Work of 60 Artists At The Southampton Town Festival Of The Arts

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The template for the inaugural Southampton Town Festival of the Arts is simple: create a boutique, high-end art show geared toward a highly educated clientele.

The Paragon Fine Art Events team, which directs the show, has had plenty of practice in getting ready for the event; yearly festivals are already held in Westhampton Beach and Montauk. The newest sale and show—featuring the works of 60 American and international artists and including paintings, jewelry, sculptures, photography, woodworking, ceramics, glass, fiber art, and mixed media works—will be held at the VFW Post 5350 in Quogue on Saturday and Sunday, June 22 and 23.

“We have great diversity and the quality of the show is fabulous,” show director Bill Kinney said during a telephone interview earlier this month.

Many artists and artisans travel from far and wide to participate in the Hamptons shows, including Edward Loedding, who lives in Brandon, Vermont.

“I’m really looking forward to it. We always do well at the Paragon festivals,” he said during a telephone interview last week.

Mr. Loedding’s pieces may be the epitome of what mixed media means. An oil painter for 15 years, he used to use photography only as a reference for his paintings until he discovered the world of digital picture taking. Now his photographs are the skeleton for digital “paintings.”

Mr. Loedding calls his work “visual choreography.”

“I call it visual choreography because it’s a lot of different steps to create a dance for the eyes,” he explained. “It’s a pigeonhole; not photography, and it’s not a painting, it’s a new way to make artwork.”

The artist starts with a montage of photos, which he paints digitally using specialized software. One piece can take anywhere from four months to up to a year to complete.

He makes 150 prints—75 small, 75 large—of each piece. To create them, he uses a Roland Symphony 740 printer, which retails for $40,000, then added another $8,000 in modifications to change the ink system and firmware to identify 12 colors instead of six. The result is a form of image printing based on textile printing, which is multichanneled, with inks that are blended independently of each other.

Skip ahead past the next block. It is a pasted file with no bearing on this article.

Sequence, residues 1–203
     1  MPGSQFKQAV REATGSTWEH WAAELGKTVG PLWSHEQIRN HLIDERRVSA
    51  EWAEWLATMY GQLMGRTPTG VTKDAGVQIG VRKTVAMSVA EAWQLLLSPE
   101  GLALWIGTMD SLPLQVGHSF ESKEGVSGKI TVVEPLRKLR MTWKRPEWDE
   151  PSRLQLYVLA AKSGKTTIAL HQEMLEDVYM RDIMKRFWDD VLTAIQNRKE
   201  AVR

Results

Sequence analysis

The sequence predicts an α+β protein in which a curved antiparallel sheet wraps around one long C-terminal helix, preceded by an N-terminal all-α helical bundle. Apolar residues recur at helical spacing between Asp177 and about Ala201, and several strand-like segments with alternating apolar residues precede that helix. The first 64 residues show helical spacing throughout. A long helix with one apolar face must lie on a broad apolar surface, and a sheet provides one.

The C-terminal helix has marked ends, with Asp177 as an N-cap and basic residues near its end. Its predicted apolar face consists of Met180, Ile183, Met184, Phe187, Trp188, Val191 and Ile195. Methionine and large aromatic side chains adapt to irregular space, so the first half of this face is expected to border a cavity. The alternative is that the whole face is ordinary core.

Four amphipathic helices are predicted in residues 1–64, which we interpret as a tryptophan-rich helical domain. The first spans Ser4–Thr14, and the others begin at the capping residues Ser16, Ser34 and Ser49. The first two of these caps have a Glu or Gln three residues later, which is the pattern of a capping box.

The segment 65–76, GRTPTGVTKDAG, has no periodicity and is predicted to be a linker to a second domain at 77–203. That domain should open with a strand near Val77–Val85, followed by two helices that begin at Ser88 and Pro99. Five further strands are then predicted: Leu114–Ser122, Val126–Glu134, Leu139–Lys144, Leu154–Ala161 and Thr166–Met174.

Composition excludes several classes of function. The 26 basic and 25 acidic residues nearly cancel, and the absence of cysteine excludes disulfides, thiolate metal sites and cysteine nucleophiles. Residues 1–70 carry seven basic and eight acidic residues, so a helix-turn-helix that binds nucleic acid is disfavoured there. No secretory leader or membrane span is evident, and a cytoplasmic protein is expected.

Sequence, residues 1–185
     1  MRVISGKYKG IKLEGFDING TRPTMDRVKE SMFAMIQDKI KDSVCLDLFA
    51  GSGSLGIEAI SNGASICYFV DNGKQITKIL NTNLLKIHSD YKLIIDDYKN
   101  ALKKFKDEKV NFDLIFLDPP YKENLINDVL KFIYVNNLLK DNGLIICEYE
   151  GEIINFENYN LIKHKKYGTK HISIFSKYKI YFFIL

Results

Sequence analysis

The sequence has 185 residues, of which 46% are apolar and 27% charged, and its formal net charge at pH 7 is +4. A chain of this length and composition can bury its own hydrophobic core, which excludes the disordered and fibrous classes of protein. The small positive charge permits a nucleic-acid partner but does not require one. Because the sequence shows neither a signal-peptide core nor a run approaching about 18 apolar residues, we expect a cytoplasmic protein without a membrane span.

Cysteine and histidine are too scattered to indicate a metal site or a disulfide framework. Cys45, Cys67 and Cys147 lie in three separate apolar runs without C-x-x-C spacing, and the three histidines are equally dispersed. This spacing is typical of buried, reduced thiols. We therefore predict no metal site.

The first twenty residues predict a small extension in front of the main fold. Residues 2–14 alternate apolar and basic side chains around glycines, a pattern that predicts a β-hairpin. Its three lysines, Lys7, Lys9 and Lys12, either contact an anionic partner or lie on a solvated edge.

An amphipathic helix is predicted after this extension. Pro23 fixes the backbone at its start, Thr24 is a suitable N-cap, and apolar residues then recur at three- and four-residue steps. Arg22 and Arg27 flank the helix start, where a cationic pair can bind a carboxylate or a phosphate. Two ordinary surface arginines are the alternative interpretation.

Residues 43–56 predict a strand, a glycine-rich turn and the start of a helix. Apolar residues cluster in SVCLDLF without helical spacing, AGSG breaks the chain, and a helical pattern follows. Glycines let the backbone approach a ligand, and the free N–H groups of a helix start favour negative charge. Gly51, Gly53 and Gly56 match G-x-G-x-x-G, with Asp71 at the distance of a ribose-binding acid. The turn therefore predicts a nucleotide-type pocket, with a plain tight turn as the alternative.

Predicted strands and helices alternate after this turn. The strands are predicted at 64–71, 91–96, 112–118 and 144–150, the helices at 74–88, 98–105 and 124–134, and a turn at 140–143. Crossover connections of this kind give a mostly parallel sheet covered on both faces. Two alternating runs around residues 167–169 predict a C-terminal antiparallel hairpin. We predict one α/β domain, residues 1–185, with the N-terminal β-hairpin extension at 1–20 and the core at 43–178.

Even the ink is custom-made by a man in New Jersey named Scott Saltman, Mr. Loedding reported. Mr. Saltman patented a vehicle he calls “flow guard,” which creates 100-percent pure pigment that creates a distinct, rich look. It is dense like paint, and Mr. Loedding said it lasts forever.

“You’re getting real-time results immediately. Each result affects what you are doing and where you are going next,” Mr. Loedding said of digital painting. “It’s a very fluid process.”

Israel-based painter Yoram Gal will also be showing at the festival. His medium may be more traditional than Mr. Loedding’s, but his technique is just as unique. The painter, who is a bit of an art nihilist, was accepted to art school but declined the offer.

“For me the freedom and joy I have to paint has been kept alive for 49 years because I don’t listen to critics, or professors. I try to converse with dead great artists I admire,” he said. “I look at any painting I want anytime online. These are my teachers without ever talking to them, these are my inspirations. Van Gogh and Gaughan didn’t study, they just painted and were enormous.”

Mr. Gal said that oftentimes other artists approach him and say that it doesn’t look like he studied art. They ask how they can unlearn and paint freely like he does. This is a problem with artists, Mr. Gal said. They go to school and do everything they are told and forget how to think outside the box.

The painter’s free-thinking and need to rebel is demonstrated in his choice of a name for his son. When he and his wife were thinking of a name for their progeny they didn’t want an Abraham, or a Jacob, or any other stereotypical Jewish name, he reported. They chose Nimrod, a pagan king in the Bible before Abraham.

Although the name denotes a negative connotation here in the Western world, Mr. Gal said that he knew that but that in Hebrew it means “We shall rebel.” And that’s exactly why he knew it was the perfect name for his child.

The painter, who grew up in Jerusalem, said he had a painful childhood. Painting became his way to deal with the pain.

“Jerusalem is like a big wound in the heart of the world and my life,” he said. “I paint to have fun, but it’s like a storm for me when I paint Jerusalem.”

“It’s great fun for me, it’s therapy, it’s joy, the more people who buy my paintings it makes me more happy,” Mr. Gal continued. “People tell me it gives us joy, it gives us light, I love it, it makes me smile. Making people happy is a great joy and incentive.”

The Southampton Town Festival of the Arts will be held at VFW Post 5350 in Quogue on Saturday and Sunday, June 22 and 23. Saturday show hours are from 10 a.m. to 6 p.m. and Sunday show hours are from 11 a.m. to 5 p.m. Admission is free. For more information visit paragonartevents.com/southhampton.

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